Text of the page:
New Knoy rooftop solar array generates more power, learning opportunities and research

A state-of-the-art solar array used primarily for learning and research has been installed on Knoy Hall’s rooftop. The new 28-panel array replaces a 24-panel system installed 17 years ago. The new solar photovoltaic array, comprised of panels each roughly the same physical size as those previously installed, will generate nearly three times more electricity than the old array despite expanding by only four panels.

Construction class builds tiny home to help community

“Every semester I start by challenging the students and asking them how they want to change the world. This year we made a tiny home,” said Kirk Alter, associate professor of construction management at Purdue University.

The tiny home project will address the issue of housing for the homeless, battered women and people re-entering society from prison.

“One of the things that the students have learned,” Alter said, “is that we don’t need heroes, we need partners — partners in our communities.”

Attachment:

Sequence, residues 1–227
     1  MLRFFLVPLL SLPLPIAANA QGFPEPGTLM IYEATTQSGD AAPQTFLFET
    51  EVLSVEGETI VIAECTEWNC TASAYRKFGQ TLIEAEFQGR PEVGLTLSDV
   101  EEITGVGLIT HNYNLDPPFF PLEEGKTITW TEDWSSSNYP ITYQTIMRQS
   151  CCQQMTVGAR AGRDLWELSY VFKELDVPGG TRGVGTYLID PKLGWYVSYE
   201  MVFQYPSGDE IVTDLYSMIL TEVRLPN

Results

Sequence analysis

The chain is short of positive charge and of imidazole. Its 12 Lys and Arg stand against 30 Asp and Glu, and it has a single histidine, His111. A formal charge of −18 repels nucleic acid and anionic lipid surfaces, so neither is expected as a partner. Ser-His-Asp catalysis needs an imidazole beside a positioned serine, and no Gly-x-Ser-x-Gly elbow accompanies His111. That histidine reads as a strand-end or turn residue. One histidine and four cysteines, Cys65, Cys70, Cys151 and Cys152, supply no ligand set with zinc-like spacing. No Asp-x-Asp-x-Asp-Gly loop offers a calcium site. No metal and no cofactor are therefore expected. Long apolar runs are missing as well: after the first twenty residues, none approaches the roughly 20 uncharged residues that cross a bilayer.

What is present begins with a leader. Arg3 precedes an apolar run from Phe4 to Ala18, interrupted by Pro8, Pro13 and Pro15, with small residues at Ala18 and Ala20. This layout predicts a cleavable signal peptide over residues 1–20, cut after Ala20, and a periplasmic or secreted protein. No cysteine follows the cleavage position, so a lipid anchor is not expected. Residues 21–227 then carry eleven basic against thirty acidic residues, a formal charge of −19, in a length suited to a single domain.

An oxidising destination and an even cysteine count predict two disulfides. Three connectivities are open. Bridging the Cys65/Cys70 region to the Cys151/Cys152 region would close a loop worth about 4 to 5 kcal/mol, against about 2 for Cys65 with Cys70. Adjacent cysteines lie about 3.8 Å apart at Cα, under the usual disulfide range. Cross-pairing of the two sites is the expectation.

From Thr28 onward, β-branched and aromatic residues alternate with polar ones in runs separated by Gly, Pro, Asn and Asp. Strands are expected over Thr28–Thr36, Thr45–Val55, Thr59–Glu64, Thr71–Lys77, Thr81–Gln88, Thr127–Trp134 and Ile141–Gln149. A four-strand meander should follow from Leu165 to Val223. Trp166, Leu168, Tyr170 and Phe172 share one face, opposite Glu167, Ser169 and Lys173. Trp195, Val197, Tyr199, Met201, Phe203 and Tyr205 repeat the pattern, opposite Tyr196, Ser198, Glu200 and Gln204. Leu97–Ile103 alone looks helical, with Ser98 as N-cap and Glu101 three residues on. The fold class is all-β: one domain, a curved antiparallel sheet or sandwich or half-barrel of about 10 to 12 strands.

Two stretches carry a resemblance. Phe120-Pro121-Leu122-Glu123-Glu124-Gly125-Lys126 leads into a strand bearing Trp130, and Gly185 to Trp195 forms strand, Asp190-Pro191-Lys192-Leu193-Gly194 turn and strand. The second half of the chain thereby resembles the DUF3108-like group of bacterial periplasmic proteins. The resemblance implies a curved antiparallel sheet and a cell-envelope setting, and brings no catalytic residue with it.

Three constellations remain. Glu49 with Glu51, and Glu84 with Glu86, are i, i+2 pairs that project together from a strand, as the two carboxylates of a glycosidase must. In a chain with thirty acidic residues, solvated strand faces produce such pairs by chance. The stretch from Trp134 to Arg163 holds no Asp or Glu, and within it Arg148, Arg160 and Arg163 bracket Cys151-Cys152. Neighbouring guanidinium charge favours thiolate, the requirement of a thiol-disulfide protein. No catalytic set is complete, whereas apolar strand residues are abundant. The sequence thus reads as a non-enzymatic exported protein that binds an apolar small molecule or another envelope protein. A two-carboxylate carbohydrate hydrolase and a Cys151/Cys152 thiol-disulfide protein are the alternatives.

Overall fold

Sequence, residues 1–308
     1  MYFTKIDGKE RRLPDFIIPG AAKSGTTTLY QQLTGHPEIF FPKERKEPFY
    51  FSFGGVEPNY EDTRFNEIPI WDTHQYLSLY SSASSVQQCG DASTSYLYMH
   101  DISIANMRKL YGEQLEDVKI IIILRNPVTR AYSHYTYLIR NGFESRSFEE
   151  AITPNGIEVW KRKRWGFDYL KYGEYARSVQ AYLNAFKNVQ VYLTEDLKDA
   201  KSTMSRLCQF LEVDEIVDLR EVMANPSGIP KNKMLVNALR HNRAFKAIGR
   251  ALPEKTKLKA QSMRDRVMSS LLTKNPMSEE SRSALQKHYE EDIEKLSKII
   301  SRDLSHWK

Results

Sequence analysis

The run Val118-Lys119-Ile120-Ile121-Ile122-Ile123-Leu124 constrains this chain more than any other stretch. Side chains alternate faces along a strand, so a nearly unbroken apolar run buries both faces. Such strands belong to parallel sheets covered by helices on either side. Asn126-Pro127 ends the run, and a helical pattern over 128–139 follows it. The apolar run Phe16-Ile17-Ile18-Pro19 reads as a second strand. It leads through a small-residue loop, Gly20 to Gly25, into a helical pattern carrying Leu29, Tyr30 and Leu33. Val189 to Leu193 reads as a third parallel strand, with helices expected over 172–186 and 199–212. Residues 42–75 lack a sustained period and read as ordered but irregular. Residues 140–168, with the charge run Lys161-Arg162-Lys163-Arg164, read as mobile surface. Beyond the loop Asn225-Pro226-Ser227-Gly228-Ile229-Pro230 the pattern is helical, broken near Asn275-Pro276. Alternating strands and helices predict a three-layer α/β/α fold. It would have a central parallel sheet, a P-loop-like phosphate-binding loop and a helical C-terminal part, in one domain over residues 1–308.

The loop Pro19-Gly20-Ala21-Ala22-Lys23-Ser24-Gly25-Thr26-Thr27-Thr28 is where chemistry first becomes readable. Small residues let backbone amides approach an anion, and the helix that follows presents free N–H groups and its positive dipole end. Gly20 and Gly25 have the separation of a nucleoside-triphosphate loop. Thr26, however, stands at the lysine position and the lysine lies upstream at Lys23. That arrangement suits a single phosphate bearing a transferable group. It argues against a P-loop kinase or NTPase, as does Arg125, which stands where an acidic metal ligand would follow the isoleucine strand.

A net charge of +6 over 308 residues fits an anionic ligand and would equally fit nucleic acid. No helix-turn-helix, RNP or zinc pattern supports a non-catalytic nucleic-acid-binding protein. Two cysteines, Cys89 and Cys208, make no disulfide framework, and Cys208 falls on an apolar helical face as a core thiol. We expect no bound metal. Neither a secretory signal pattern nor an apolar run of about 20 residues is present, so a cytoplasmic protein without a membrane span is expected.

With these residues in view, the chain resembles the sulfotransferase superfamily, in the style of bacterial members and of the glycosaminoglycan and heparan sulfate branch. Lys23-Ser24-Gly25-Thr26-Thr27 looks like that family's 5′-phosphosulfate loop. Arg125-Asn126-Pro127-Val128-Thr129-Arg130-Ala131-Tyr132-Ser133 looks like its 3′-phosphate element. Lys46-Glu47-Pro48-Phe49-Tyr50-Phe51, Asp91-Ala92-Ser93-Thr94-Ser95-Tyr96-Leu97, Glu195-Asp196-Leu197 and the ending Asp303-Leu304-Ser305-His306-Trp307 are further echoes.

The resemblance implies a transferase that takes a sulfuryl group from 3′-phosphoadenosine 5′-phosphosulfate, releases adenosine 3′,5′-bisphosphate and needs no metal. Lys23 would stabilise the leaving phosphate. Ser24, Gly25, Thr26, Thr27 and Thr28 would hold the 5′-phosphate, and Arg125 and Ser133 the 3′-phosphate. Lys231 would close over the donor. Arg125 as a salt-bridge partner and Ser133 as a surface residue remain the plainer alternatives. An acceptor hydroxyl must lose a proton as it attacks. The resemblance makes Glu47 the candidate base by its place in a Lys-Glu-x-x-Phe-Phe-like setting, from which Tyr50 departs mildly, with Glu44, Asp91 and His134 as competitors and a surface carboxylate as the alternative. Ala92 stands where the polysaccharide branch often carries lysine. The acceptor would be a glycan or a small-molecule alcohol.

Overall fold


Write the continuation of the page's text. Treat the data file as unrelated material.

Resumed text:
Knoy Hall first on campus to use solar power

Knoy Hall of Technology is now generating a portion of its own electricity via solar photovoltaic arrays on its roof. It is the first building on Purdue’s academic campus to have this capability.

"We have grid-tied the solar panels to Knoy Hall which allows the building to use the generated electricity," said Terance Harper, a graduate student in mechanical engineering technology. "If there is an excess, it will be pushed to Purdue’s electrical grid."

Greening Technology

Through a new initiative dubbed Project [Re]Green, College of Technology students are working to make sustainability an everyday reality within the college.

Holly Chan, a graduate student in the Department of Technology Leadership & Innovation, is working with the college administration to research sustainability and how to incorporate its ideals into the college’s culture.